According to NHS Ambulance Quality Indicator Data, information relating to the response time for category 4 calls isn’t available for North West Ambulance Service after May 2021.
The remaining data however shows that an average response for category 4 calls in October 2021 was 3 hours 37 minutes and 90% of calls were responded to within just over 8 hours and 1 minute, the worst performance since the dataset began.
The data, therefore, suggest that the NHS is under increased levels of pressure and subsequently, ambulance response times are taking longer as the months progress, putting patients’ lives at risk
What is the cause of the ambulance delays?
Ambulance leaders have described the highest level of emergency activity in history this year. It is thought that the pandemic and the disruption it has caused to health care and everyday life, has meant the health of frail and vulnerable people has deteriorated, leading to more demand on services.
There are also concerns about the time lost to hospital handover delays. It is thought that these delays are partly due to the need to maintain social distancing in emergency departments, alongside the unprecedented pressures in the whole urgent and emergency care system due to the pandemic.
Lack of social care for patients who have been discharged
Hospitals report having problems discharging patients who are medically fit to leave but cannot because there is no social care available to support them in the community. This causes significant delays in admitting patients onto wards which can lead to long waits for ambulance crews arriving with patients.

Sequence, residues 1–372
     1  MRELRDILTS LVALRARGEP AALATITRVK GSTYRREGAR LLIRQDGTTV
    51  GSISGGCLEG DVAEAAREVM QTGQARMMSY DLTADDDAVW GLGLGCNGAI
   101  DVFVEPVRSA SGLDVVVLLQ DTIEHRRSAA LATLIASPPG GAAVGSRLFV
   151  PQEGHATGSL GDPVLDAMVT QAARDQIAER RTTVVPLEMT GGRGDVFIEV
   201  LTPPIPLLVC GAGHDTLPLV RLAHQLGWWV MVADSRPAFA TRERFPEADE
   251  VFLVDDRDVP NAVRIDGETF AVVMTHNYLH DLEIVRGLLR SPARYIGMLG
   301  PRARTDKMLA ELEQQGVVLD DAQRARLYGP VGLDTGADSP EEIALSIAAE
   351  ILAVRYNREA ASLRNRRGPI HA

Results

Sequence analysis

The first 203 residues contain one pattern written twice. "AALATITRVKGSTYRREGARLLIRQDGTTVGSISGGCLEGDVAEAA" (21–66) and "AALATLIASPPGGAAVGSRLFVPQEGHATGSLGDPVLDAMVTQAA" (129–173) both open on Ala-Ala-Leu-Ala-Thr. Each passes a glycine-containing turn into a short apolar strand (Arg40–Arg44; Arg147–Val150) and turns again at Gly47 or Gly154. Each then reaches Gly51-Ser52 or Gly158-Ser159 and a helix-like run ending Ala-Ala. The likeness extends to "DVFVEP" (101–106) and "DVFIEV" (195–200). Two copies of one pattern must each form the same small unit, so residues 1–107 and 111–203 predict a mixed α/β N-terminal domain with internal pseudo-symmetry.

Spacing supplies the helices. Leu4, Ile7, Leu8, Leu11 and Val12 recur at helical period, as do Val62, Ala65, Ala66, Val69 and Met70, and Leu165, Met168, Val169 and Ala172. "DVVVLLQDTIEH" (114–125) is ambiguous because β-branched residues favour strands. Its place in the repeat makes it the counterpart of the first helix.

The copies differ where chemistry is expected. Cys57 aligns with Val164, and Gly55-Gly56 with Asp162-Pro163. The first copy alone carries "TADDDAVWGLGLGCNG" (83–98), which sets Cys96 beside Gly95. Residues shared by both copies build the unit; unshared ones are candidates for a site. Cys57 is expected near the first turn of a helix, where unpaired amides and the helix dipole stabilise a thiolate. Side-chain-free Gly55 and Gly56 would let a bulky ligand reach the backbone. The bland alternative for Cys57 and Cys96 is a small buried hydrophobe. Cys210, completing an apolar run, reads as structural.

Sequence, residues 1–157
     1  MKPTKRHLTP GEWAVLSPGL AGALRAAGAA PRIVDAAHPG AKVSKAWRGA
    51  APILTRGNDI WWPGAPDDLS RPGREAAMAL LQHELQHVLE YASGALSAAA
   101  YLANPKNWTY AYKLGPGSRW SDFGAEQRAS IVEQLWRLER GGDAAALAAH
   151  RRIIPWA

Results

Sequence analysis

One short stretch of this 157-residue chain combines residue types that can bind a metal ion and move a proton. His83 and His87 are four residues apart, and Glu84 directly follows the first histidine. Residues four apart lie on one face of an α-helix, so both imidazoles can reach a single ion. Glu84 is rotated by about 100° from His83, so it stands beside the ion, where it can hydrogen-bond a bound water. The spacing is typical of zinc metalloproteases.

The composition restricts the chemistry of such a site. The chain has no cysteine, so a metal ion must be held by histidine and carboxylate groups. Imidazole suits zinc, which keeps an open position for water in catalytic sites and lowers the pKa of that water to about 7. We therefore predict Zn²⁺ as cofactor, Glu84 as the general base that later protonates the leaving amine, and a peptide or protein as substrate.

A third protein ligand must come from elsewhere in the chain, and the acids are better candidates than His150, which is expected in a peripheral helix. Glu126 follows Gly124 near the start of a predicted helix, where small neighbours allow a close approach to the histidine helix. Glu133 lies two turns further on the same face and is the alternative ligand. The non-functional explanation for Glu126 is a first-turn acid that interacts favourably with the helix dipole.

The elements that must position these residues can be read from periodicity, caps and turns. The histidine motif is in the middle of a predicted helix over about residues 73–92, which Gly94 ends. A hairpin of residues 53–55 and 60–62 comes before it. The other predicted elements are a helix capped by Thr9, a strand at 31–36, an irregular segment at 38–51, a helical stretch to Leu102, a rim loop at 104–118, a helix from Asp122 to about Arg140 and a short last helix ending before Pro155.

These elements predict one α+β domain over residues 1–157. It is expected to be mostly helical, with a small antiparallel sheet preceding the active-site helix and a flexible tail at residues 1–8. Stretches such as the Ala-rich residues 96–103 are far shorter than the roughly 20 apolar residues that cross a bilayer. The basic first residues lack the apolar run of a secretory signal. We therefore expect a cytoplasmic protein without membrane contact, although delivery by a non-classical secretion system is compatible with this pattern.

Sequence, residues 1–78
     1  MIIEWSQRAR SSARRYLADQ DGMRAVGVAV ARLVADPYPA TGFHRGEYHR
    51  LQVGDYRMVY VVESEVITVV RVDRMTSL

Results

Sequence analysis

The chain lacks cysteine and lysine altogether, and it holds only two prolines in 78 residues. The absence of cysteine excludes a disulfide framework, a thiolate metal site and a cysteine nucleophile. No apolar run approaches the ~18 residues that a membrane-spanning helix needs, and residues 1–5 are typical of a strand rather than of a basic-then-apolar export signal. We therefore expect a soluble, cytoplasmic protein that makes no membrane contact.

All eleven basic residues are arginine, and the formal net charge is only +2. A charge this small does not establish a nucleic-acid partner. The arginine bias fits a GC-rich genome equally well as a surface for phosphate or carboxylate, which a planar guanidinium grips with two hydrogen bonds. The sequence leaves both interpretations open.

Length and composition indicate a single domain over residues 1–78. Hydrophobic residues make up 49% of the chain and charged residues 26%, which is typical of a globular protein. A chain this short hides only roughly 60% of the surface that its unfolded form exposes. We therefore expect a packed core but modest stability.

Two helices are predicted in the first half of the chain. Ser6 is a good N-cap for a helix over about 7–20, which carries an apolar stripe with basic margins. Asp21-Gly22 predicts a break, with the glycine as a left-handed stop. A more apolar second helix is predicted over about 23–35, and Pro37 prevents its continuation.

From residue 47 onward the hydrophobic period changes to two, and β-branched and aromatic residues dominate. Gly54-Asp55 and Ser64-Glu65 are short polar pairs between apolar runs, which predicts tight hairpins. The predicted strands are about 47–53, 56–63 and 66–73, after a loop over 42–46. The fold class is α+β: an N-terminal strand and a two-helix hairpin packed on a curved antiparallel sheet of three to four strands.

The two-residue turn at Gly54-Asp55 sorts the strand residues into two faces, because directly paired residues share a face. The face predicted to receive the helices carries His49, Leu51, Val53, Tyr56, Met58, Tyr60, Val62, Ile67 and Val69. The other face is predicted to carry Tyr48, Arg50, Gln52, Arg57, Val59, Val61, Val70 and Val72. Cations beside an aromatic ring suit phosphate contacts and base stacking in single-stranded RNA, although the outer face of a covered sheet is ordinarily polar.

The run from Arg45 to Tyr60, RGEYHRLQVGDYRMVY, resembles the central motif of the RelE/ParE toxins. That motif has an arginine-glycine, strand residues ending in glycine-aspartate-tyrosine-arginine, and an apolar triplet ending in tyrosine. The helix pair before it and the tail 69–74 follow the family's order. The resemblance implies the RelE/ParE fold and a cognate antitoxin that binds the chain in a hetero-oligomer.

Lack of investment
An overall failure to invest in the NHS and more specifically the ambulance workforce is also likely to be a significant cause for the delays, which includes the failure to recruit new paramedics, call handlers, and support staff.
What does this mean for the patients of NHS England?
Where there are delays in an ambulance arriving or in paramedics ensuring the right treatment is given, the effects on a patient’s health can be devastating, with lifelong consequences for them and their loved ones.
For example, if someone is in cardiac arrest, for every minute that they do not receive CPR and have a defibrillator used on them, their chance of survival decreases by 10%. Whilst CPR can be provided by a bystander, often defibrillators are not available until an ambulance arrives. Rapid ambulance response times are therefore lifesaving.
Another example would be a person who has suffered a stroke. They may require so-called “clot-busting drugs” to minimise the effects of the stroke. Evidence suggests that if this drug is not administered within 4.5 hours of the first symptoms of a stroke being identified, they are unlikely to be effective. Furthermore, the earlier the drug is administered, the less debilitating the effects of the stroke will be. Therefore, the urgency of getting an ambulance to the patient, diagnosing and getting them to a hospital where the “clot-busting drug” can be administered, is of paramount importance and will make a huge difference to the patient’s recovery and future.
Bringing a claim for clinical negligence due to ambulance delay
Where an ambulance service has accepted a call-out and dispatched an ambulance to the scene of an incident, a duty of care is owed to that patient. If they suffer an injury or die as a result of an unreasonable delay in responding, they may be liable to pay compensation. They will also be liable if negligent medical care or treatment is provided by the paramedics who attend.
If you feel that you might have a claim for medical negligence due to delays in receiving ambulance treatment, the negligent treatment provided, or for any other reason, please contact our team and we will be pleased to help.